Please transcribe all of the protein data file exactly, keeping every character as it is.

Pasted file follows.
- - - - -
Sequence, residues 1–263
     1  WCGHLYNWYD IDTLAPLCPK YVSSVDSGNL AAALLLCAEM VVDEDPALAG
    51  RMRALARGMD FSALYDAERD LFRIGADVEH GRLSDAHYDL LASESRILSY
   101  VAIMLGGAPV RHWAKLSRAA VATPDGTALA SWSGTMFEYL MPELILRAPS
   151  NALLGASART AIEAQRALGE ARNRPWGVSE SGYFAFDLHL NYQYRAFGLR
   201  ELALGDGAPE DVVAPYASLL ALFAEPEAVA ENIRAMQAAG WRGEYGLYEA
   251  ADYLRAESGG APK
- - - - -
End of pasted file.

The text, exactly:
Sequence, residues 1–263
     1  WCGHLYNWYD IDTLAPLCPK YVSSVDSGNL AAALLLCAEM VVDEDPALAG
    51  RMRALARGMD FSALYDAERD LFRIGADVEH GRLSDAHYDL LASESRILSY
   101  VAIMLGGAPV RHWAKLSRAA VATPDGTALA SWSGTMFEYL MPELILRAPS
   151  NALLGASART AIEAQRALGE ARNRPWGVSE SGYFAFDLHL NYQYRAFGLR
   201  ELALGDGAPE DVVAPYASLL ALFAEPEAVA ENIRAMQAAG WRGEYGLYEA
   251  ADYLRAESGG APK